Hazel and Holly — Skyward Promises

Previous: Odd Possibilities

 

Hazel and Holly walked along the darkening narrow path as the chirps and croaks of crickets and frogs pierced the warm twilit air. Hazel carried a lamp, but it would need to remain unlit for the time being.

“Are you nervous?” Holly asked.

“Why would I be nervous?” said Hazel.

“You’re going to become a Wyr witch. That’s kind of scary.”

“It’s just a formality, it’s not like anything’s going to change right away.” She glanced at Holly. “And why is it scary?”

“No other witches practice Wyr except for Bellota, and she’s scary.”

Hazel tilted her head. “True.”

“I suppose that means you’ll have to learn from her.”

“Maybe.”

“You mean you won’t?”

“I mean I want to see how far I get on my own.”

“Oh.”

They walked in silence a little longer, and then Holly said, “Are you excited, though?”

“I think it’s the right choice, if that’s what you mean.”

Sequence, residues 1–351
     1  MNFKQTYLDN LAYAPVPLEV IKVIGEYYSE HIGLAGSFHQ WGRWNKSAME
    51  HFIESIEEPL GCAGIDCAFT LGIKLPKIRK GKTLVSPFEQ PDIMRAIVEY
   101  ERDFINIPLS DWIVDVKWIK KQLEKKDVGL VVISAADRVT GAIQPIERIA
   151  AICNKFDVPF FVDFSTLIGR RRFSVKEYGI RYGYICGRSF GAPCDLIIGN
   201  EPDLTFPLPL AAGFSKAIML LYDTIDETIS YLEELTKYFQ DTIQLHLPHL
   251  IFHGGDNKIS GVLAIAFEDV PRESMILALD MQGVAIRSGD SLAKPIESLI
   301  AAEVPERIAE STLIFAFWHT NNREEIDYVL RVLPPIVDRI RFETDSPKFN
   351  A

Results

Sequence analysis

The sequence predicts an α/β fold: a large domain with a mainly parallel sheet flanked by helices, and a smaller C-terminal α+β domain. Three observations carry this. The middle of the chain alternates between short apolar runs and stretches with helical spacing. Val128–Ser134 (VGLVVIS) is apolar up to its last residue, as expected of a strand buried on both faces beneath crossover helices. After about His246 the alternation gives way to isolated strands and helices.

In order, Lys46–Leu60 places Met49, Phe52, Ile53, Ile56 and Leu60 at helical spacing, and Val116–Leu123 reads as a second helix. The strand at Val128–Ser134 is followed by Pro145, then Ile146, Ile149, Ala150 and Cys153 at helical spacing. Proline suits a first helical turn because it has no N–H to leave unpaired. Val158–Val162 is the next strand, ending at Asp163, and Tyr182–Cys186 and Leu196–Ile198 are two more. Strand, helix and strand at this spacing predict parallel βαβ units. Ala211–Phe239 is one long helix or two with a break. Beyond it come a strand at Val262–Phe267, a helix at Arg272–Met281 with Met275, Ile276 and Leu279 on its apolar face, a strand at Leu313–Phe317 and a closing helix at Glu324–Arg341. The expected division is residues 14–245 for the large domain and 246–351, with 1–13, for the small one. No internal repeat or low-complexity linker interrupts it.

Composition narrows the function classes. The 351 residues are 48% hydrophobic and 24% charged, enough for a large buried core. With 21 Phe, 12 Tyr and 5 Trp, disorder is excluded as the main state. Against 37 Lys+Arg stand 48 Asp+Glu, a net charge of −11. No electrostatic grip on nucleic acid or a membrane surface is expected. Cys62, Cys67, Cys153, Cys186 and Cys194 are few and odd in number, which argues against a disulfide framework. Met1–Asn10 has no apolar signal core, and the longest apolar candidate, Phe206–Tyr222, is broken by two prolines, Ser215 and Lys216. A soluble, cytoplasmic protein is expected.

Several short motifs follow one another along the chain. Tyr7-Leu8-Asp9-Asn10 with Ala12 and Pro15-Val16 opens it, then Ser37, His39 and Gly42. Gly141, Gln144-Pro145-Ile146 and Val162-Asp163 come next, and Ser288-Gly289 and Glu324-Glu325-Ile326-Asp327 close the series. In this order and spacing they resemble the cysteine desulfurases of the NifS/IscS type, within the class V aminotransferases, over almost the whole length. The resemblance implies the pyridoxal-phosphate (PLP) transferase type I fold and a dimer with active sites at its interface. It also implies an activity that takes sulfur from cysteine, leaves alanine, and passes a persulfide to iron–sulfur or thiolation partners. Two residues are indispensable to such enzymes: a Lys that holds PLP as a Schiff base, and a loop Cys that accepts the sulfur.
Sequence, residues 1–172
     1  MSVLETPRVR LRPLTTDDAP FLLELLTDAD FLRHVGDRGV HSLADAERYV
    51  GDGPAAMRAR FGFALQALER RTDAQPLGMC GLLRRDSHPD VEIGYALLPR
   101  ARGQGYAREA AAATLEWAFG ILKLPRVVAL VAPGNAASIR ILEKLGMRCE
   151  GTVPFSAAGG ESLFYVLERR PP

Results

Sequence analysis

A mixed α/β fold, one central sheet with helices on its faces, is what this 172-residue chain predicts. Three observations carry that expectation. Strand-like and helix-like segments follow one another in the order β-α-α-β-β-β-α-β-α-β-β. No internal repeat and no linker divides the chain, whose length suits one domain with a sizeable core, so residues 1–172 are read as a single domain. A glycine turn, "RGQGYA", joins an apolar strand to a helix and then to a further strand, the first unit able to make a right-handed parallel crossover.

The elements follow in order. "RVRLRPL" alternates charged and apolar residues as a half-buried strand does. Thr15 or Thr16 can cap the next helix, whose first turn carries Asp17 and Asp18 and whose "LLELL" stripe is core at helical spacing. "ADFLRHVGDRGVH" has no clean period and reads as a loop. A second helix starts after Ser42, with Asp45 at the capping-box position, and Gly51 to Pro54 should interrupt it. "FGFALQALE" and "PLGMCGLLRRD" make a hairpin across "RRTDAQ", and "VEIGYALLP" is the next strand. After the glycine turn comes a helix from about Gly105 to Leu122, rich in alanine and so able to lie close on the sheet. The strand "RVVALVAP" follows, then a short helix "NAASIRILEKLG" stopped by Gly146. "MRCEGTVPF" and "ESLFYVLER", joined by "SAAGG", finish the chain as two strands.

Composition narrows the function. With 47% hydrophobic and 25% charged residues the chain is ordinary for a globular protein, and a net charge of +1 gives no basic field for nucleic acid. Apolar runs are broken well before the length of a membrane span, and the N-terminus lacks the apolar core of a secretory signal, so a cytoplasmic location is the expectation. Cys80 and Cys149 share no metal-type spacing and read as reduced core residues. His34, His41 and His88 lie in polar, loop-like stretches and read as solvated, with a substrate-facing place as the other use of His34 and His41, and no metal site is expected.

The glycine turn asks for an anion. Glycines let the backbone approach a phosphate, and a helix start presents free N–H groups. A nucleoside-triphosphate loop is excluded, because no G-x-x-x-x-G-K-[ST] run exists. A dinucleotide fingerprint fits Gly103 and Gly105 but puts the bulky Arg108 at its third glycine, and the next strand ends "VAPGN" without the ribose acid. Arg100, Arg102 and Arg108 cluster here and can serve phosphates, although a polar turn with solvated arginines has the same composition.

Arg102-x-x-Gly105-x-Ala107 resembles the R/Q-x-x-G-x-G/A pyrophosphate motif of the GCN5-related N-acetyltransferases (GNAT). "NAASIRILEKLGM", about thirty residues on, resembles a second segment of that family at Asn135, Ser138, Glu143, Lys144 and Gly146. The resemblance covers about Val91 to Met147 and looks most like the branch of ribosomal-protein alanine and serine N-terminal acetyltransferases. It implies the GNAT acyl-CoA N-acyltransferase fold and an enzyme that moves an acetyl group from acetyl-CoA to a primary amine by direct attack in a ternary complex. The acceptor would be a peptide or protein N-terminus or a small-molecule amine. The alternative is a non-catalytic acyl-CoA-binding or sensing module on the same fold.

“But do you want to become a Wyr witch?”

“What I want doesn’t matter.”

“It matters to me.”

Hazel sighed. “What do you want me to say, Holly? That I’m happy our father trapped our mother’s soul? That I’m happy I get to spend my entire life trying to undo his treachery? Because I’m not, but it doesn’t matter. I’m doing what needs to be done, and that’s all there is to say about it.”

“He already ruined Mother’s life,” Holly said in a near whisper. “You shouldn’t let him ruin yours as well.”

Hazel closed her eyes, letting her anger lessen. “He’ll not ruin anything, not if I can help it. Now, come on, or we’ll be late.” Hazel quickened her pace.

They followed the road until it narrowed into a winding path that then led into a circular clearing bordered with towering oak trees. Their thick, gnarled boughs stretched overhead, mottling the dark cerulean sky with their shadowed leaves.

A single torch burned at one end of the grove. Hazel walked over to it and used it to light her lantern. Then, from the trees, emerged a line of witches. They wore black dresses that matched both Hazel’s and Holly’s. Holly left Hazel’s side and joined the other women.

A witch stepped forward. “Who approaches the Circle this night?”

Hazel sighed. “You know it’s me, Aster.”

Aster raised her chin. “The Circle does not recognize this response.”

Hazel closed her eyes. Aster always was a stickler for the formalities. Taking a breath, Hazel replied, “The Witch Hazel approaches the Circle.”